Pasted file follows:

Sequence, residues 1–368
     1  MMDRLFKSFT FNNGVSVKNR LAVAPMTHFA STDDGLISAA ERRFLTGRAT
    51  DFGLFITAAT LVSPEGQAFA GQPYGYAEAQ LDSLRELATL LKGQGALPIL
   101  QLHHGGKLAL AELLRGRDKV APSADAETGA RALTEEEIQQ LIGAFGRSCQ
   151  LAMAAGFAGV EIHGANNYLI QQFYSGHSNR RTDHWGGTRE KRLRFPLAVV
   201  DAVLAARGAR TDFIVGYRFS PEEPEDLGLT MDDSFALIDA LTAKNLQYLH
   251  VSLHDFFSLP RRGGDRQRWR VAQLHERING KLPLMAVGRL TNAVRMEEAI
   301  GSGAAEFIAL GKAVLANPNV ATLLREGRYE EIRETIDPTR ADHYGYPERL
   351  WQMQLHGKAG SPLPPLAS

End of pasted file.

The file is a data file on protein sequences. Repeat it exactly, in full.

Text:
Sequence, residues 1–368
     1  MMDRLFKSFT FNNGVSVKNR LAVAPMTHFA STDDGLISAA ERRFLTGRAT
    51  DFGLFITAAT LVSPEGQAFA GQPYGYAEAQ LDSLRELATL LKGQGALPIL
   101  QLHHGGKLAL AELLRGRDKV APSADAETGA RALTEEEIQQ LIGAFGRSCQ
   151  LAMAAGFAGV EIHGANNYLI QQFYSGHSNR RTDHWGGTRE KRLRFPLAVV
   201  DAVLAARGAR TDFIVGYRFS PEEPEDLGLT MDDSFALIDA LTAKNLQYLH
   251  VSLHDFFSLP RRGGDRQRWR VAQLHERING KLPLMAVGRL TNAVRMEEAI
   301  GSGAAEFIAL GKAVLANPNV ATLLREGRYE EIRETIDPTR ADHYGYPERL
   351  WQMQLHGKAG SPLPPLAS